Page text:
It’s not often a car surprises me but when it came to the A3 I was gob-smacked. I simply couldn’t believe how much attention the baby Audi attracted. People would abandon their children and cast shopping bags aside so they could corner me in the parking lot before I drove off. They would stare at it in traffic and gawp as it drove by. It even attracted a small gathering of “youths” at a local restaurant, no mean feat considering I was in the drive-thru about 20 seconds when they descended upon me. If the A3 is an indication of what celebrity is like, I want no part of it, thank you very much.
That my test vehicle was an A3 3.2 S-line quattro had a lot to do with the attention, of course. Painted in Brilliant Red (a scarlet hue so vibrant the rear light lenses all but disappeared into the bodywork), boasting that aggressive S4-like front fascia and fitted with glorious (if optional) 18-inch, split-rim alloy wheels, the A3 simply looked spectacular. The subtle S-line badges and the black appearance of the sky-view glass roof only added to its allure, helping it to stand out even further from the everyday dross.
Even without all the S-line glitz, the A3 is still an aggressive little pit bull of a car with a muscular stance and a fearsome expression, but in full war paint with all the feathers, it’ll stop you dead in your tracks. It reminds me of Eva Menendez or Vin Diesel, I think. Not really good looking in a conventional sense, but striking enough to make you do a wide-eyed double take if you saw one on the street.
Inside you’ll find the best interior that Audi currently makes, excluding the one found in the TT. It’s dark and austere, as you expect from an Audi, but also ergonomically flawless and exquisitely made. The $34,000 S-line model comes loaded with toys like a six-CD changer with Bose speakers and a perforated leather steering wheel with audio controls, though the standard leather buckets lack the side-support needed in such a car and can also cause backache on longer journeys.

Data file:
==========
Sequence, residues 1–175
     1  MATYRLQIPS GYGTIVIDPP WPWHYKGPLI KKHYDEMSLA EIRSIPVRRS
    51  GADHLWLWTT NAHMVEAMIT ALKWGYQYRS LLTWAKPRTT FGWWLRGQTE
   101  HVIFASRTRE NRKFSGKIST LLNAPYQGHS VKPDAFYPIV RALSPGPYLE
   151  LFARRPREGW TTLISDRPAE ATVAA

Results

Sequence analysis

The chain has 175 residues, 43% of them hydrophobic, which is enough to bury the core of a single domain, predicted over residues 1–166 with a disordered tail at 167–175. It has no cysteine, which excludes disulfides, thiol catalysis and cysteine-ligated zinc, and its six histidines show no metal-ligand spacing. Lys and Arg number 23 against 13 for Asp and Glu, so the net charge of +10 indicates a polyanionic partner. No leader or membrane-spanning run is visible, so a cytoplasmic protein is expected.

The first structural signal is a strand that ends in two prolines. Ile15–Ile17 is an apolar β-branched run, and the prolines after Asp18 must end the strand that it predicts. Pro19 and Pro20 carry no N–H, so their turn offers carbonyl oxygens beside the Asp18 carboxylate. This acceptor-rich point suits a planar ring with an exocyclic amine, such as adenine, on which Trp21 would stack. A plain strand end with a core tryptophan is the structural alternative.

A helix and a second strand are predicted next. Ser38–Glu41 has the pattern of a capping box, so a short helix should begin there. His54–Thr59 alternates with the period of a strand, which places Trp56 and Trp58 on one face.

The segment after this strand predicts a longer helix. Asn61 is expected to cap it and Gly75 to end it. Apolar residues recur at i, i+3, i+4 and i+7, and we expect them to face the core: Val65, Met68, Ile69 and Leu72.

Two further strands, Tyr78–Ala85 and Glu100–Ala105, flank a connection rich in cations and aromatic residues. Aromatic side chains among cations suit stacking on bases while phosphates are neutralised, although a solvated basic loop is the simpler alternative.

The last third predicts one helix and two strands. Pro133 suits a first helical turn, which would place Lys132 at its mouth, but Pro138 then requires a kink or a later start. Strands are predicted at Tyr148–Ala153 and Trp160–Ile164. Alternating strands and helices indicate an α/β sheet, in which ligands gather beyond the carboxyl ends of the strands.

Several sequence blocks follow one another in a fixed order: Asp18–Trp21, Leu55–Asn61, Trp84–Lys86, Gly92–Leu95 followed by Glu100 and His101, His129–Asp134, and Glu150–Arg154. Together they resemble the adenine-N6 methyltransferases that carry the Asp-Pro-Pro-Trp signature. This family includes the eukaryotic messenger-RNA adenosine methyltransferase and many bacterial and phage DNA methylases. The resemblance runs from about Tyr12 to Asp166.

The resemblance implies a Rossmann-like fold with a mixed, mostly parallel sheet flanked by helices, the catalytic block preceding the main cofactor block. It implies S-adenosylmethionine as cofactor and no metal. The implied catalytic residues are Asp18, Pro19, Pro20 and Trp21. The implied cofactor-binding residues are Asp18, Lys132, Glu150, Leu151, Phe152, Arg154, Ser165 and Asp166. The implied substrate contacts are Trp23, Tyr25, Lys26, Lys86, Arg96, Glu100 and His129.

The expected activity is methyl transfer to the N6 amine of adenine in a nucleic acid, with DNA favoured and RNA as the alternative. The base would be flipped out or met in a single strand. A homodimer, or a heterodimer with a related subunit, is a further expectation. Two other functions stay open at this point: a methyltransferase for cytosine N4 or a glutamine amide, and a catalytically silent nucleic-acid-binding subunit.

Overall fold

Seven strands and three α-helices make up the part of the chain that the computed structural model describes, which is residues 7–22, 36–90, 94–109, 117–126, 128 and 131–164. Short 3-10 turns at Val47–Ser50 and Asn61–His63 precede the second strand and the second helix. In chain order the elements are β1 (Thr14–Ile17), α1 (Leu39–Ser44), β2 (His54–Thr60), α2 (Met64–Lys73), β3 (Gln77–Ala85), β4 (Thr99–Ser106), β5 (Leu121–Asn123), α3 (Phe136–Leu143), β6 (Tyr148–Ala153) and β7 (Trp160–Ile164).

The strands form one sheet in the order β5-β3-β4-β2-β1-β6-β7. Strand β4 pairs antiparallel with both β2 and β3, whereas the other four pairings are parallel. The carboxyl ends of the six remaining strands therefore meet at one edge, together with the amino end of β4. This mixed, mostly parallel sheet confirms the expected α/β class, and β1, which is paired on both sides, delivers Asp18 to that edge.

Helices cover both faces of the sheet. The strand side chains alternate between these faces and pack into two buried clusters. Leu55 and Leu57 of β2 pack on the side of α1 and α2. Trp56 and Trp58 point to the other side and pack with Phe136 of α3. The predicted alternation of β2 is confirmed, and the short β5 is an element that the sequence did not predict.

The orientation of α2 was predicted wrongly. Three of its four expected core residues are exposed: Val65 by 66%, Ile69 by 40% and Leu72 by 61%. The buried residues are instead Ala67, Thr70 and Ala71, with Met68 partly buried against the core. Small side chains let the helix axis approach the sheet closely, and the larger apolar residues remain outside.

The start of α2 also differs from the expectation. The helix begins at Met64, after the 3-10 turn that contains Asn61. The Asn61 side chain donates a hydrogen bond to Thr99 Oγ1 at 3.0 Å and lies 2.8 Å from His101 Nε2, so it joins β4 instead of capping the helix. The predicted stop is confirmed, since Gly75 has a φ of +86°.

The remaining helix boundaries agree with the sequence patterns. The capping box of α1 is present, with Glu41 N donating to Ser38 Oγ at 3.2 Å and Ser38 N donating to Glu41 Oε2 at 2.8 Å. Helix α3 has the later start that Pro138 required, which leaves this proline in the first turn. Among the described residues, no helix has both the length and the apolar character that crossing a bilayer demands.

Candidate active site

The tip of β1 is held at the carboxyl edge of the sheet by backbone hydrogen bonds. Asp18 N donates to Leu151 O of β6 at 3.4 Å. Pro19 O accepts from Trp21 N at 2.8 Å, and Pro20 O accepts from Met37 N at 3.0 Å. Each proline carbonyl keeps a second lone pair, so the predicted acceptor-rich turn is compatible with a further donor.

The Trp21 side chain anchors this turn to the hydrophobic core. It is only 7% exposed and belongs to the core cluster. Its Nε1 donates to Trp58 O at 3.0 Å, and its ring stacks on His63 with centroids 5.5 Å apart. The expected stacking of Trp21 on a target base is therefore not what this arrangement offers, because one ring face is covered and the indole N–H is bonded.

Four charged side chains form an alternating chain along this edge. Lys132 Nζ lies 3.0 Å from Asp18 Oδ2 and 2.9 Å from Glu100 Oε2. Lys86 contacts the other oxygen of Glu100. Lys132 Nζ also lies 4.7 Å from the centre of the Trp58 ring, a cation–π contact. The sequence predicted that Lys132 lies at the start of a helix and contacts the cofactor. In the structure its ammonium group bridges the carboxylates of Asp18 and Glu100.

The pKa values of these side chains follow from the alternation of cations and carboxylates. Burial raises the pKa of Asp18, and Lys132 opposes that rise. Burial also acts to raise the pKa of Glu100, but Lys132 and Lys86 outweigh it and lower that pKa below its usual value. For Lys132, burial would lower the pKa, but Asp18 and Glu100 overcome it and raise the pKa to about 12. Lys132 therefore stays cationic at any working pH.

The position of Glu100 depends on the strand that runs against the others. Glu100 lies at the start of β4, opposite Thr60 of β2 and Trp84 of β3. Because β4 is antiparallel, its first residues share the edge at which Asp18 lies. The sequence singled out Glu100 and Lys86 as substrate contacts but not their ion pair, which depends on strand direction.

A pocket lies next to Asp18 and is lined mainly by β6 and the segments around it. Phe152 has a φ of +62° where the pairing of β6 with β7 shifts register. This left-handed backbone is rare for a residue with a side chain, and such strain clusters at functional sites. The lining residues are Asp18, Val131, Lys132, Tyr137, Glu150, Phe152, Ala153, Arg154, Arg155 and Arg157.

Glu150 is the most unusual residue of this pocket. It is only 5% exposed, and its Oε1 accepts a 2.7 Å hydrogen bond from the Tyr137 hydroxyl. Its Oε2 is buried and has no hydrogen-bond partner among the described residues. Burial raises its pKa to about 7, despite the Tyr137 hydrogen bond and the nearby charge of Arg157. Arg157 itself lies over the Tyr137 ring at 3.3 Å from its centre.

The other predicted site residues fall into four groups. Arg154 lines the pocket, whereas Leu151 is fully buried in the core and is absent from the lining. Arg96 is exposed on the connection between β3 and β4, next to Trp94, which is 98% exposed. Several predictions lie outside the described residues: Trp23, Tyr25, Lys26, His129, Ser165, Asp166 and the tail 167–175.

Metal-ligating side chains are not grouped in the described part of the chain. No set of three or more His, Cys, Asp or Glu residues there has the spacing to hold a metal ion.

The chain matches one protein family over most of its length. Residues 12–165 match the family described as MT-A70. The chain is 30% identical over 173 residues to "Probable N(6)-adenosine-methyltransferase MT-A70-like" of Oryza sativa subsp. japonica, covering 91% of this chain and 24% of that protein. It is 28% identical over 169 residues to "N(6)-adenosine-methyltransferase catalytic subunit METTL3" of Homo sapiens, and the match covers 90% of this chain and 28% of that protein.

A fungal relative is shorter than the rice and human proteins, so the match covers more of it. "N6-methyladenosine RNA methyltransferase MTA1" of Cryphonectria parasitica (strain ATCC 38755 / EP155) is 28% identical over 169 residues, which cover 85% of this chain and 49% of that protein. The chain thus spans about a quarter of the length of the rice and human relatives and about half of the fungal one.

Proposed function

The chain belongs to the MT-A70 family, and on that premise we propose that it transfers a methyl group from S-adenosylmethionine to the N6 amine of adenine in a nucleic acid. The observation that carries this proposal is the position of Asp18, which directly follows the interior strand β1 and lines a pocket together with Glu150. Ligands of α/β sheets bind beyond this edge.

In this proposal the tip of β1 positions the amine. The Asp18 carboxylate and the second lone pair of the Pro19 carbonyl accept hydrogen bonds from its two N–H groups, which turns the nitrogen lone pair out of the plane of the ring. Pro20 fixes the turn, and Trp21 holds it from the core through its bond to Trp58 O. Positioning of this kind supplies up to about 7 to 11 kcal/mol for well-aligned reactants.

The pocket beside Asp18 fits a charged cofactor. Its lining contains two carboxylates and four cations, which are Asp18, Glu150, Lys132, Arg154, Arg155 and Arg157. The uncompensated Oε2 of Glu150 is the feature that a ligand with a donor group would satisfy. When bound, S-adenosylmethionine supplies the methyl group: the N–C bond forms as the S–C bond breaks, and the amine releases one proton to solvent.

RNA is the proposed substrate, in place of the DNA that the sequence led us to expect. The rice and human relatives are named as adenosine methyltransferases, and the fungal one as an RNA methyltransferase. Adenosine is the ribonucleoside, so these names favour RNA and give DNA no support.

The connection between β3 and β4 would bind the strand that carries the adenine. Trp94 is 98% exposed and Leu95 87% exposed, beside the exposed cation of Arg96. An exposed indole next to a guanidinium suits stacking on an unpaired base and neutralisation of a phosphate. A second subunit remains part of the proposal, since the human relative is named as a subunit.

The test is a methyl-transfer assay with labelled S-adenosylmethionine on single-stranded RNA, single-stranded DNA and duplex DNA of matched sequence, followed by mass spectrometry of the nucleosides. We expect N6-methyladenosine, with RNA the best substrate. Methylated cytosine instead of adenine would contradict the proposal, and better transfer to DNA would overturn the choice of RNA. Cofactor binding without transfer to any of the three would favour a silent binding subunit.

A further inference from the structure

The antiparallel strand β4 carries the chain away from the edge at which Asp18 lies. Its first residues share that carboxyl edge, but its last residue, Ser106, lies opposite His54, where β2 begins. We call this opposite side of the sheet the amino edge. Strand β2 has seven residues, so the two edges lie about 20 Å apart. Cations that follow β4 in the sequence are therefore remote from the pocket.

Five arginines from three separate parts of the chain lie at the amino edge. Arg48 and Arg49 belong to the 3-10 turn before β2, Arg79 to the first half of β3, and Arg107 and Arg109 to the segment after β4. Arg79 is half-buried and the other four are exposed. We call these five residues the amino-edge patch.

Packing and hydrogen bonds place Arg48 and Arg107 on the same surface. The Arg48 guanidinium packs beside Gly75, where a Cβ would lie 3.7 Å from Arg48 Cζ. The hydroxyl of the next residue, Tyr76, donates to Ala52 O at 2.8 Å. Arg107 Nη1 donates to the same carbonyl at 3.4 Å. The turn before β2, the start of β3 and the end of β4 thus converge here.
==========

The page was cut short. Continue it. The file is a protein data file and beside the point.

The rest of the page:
Rear seat accommodation is acceptable for a car of this size, allowing you to squeeze a pair of adults in there - provided the front seat passengers don’t mind scooting their seats forward an inch or two - while the trunk is simply massive for such a small car. Considering that it’s essentially a compact car, Audi has done an excellent job of packaging the A3 and giving it an exclusive, upmarket feel. At no point will you feel you’re in a poor man’s A4 or A6. In fact, in so many ways the A3 feels classier and better detailed than both its siblings.
Mechanically, this S-line A3 ticks all the right boxes. Under the hood lies a 3.2-liter V-6 engine producing 250 hp and 236 lb-ft of torque, driving all four wheels through a sophisticated quattro system that employs an electronically controlled Haldex (clutch-type) center differential. VW’s impressive six-speed DSG transmission is standard, as is a sports suspension and up-rated brakes, making it the spiritual successor to the previous generation, Europe-only Audi S3 quattro (which was driven by a 225 hp, turbocharged four-cylinder, incidentally). Why Audi didn’t make this car the new S3, I can’t imagine. Perhaps they don’t want it to cannibalize sales from the (mechanically identical) '07 Golf R32. Perhaps the cost of adding the full S3 pack, including Recaro seats and 18-inch wheels, pushed the price too high. Or maybe there’s an S3 in the works and it’s about to blow our sock off. Whatever the reason, I’m glad they didn’t go all out and call it the S3 because as a driver’s car, it really isn’t very good.